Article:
The most striking aspect of Oxford University is the range of possibilities: both academic and social. It soon becomes apparent after arriving that one can find anything and everything. There are limitless opportunities.
I decided soon after arriving in Oxford that I wanted to make the most of my year there. I realized that having only one year to experience the university life of Oxford meant I had to try new things and to push myself beyond my comfort zone.
The Oxford Union
The Oxford Union is one of Britain’s oldest unions, and is one of the world’s most prestigious debating chambers. Year after year it invites countless prominent celebrities, activists and politicians for intellectually stimulating (and sometimes controversial) talks and debates. I listened to as many speakers/attended as many debates during my three terms at Oxford as I could. Ultimately, I got to meet Dr. Bennet Omalu, the physician who discovered CTE, David Bradley, the actor who portrayed Filch in Harry Potter, and even Don McGahn, who was chief White House Council for President Trump; similarly I got to hear from David Chapelle and Jon Stewart, Carlos Puigdemont, as well as many other prominent and influential individuals.
As someone interested in politics, I decided to get involved in Oxford University’s prominent political scene during my time abroad. I ended up becoming a member of the Oxford University Conservative Association and the Oxford University Liberal Democrats. This allowed me to gain access to similarly intellectually engaging debates and speakers. I got to listen to debates about the need for the hunting ban on foxhunting, the future of the Conservative Party after Brexit, and whether the US and the UK would still maintain such a “special relationship” after the Presidency of Donald Trump.
Polo and Clay Pigeon Shooting
I knew that during my time abroad I wanted to take up sports to keep myself active. As someone who loves horses and has ridden since I was little, I quickly took up membership in the Oxford University Equestrian Team and the Oxford University Polo Team. I was particularly excited about polo because it was something I had always longed to pick up, and to get to learn how to play it at Oxford University (and to train in Ibiza as part of the yearly training trip), were invaluable opportunities. I also became a member of the Oxford University Clay Pigeon Shooting Team, because I love the outdoors and it seemed like someone fun and new. I ended up having the time of my life in the club, and even got to shoot at Varsity against Cambridge, as a member of the “Ladies Oxford University Clay Pigeon Shooting 2nd Team.” I was honored not just to get to shoot in a competition, but to have been selected (despite only being a visiting student) to represent Oxford against Cambridge on the “2nd” team.
I found out during my time abroad that Oxford University was one of only three universities left to maintain a “beagle” pack. I immediately became intrigued as to what exactly “beagling” meant, as it was described to me as foxhunting, but done not on foot (but rather foot) and not directed towards following a fox (but rather the layed scent of a hare). I soon became involved with the society and went on weekly hunts with the pack, making close friends with the people who ran the pack (and the dogs too). I even got to attend the “Hunt Ball” for the pack, which was my first white-tie event ever!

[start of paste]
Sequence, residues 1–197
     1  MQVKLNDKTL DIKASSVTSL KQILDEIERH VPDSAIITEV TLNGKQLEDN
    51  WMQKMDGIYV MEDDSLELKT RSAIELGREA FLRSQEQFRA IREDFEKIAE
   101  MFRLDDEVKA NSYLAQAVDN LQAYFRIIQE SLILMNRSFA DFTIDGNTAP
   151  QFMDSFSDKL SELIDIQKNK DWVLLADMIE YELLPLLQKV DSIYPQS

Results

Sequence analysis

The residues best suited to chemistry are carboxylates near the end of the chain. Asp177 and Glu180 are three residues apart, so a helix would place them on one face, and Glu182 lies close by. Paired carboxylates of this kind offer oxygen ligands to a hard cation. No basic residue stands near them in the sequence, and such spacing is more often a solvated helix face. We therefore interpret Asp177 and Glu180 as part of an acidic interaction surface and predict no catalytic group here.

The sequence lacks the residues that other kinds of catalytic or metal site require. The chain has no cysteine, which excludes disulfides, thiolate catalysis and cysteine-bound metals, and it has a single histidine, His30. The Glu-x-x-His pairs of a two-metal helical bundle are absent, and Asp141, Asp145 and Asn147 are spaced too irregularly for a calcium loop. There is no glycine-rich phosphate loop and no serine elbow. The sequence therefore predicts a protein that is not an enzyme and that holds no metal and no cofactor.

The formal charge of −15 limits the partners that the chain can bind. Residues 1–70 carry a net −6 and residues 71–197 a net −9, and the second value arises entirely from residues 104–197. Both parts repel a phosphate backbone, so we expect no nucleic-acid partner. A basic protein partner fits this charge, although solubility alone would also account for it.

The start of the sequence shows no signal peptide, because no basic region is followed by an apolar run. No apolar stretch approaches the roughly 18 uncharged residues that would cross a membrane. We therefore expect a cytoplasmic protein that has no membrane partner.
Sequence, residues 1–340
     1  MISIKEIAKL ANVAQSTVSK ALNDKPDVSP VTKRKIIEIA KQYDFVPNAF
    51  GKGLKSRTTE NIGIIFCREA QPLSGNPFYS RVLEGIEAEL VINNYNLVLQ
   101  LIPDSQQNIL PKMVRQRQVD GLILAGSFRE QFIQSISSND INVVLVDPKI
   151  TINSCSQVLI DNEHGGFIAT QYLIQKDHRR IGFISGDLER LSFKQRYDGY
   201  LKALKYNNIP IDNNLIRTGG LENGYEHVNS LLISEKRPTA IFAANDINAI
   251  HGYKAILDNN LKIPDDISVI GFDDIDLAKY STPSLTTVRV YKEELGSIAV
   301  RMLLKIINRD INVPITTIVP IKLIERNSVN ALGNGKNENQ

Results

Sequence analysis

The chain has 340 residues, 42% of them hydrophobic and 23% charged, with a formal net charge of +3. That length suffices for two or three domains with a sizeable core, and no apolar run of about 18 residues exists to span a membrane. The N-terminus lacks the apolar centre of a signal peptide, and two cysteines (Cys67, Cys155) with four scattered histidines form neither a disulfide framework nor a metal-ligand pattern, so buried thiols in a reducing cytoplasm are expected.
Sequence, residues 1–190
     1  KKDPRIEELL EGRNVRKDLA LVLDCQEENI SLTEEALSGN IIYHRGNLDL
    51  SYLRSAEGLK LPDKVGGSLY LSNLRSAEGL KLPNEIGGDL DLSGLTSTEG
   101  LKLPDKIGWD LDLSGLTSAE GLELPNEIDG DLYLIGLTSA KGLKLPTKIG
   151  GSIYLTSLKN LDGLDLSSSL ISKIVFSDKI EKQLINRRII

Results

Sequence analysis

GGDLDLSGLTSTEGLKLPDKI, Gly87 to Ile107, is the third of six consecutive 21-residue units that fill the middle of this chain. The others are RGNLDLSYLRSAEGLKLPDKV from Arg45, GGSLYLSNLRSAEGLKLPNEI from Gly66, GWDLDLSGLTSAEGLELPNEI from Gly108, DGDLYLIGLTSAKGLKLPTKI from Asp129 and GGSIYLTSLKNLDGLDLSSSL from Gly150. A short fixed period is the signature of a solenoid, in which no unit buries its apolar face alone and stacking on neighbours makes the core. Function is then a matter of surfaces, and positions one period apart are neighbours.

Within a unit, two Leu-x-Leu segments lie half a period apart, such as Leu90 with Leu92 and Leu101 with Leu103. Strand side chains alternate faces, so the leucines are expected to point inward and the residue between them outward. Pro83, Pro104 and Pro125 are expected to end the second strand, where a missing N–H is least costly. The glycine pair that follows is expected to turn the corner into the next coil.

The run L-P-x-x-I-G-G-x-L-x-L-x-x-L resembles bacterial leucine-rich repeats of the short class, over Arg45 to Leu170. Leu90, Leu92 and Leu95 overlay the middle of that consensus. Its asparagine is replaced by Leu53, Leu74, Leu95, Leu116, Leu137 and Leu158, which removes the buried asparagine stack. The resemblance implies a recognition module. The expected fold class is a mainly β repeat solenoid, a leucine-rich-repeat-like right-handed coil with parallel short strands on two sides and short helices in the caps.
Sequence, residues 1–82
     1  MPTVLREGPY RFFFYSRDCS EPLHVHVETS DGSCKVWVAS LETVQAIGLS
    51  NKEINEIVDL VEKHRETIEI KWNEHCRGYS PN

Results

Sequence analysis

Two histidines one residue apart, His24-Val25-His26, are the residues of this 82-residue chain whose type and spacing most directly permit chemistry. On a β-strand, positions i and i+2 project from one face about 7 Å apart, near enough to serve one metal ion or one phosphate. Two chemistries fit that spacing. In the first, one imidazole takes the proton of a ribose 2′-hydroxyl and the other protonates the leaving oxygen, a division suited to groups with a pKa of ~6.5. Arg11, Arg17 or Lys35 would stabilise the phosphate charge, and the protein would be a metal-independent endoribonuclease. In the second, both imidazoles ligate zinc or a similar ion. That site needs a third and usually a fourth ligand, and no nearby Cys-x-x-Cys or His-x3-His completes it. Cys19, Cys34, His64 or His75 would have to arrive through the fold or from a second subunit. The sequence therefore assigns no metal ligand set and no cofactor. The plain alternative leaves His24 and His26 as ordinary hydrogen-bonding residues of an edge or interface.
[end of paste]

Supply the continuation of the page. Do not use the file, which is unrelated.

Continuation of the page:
I had made up my mind that while I was abroad I would try to be as culturally integrated as possible. One of the ways I tried to achieve this was by trying “Scottish reeling.” I had absolutely no background in dance and did not know many people in the Oxford Caledonian Society, which ran the dance practices and black-tie balls, so I was a bit intimidated to try and integrate myself with people who had been doing these dances since they were little. Ultimately, I ended up attending the termly ball, during my last term at Oxford, and I had a wonderful time. It was so fun to just dance the night-away, doing something completely out of my element, and meeting many new friends, in an environment entirely out of comfort zone.
I did make an effort to get involved with the various societies that were geared towards the various post-graduate goals and professional careers I am most interested in. I attended various workshops and networking socials hosted by the Oxford Law Society, the Oxford Women In Business, the Oxford Finance Society, and the Oxford Threadneedle Investment Society, and the Oxford Strategic Studies Group.
Hertford College Choir
Another of my goals was to make friends not just outside my college, but also within it. I sought to foster this college spirit by becoming a member of the Hertford College Choir (despite never having taken singing lessons). It was great fun getting to sing carols during Christmas and to sing from the infamous Bridge of Sighs on May Day morning.
Past Reflection and Future Contemplation
By reflecting on my time abroad, I have realized just how vast the opportunities really are at Oxford. The seemingly infinite range of societies is truly unparalleled; whatever you enjoy, whether it’s a popular activity (like hockey) or a niche interest (Oxford Wine Tasting Society), Oxford likely has a society for it.
Furthermore, I have come to realize that it was doing particularly new (and seemingly scary) activities that I grew the most. Not only did I learn to adapt to my constantly changing environment, but, and more importantly, I learned to trust myself and overcome the nerves. I learned to go with the flow and to enjoy the moment; to live in the now, and not the future.
It is this very breadth of activities that make Oxford a genuine place not just for self-expression, but also self-exploration and I am incredibly happy I spent the year there.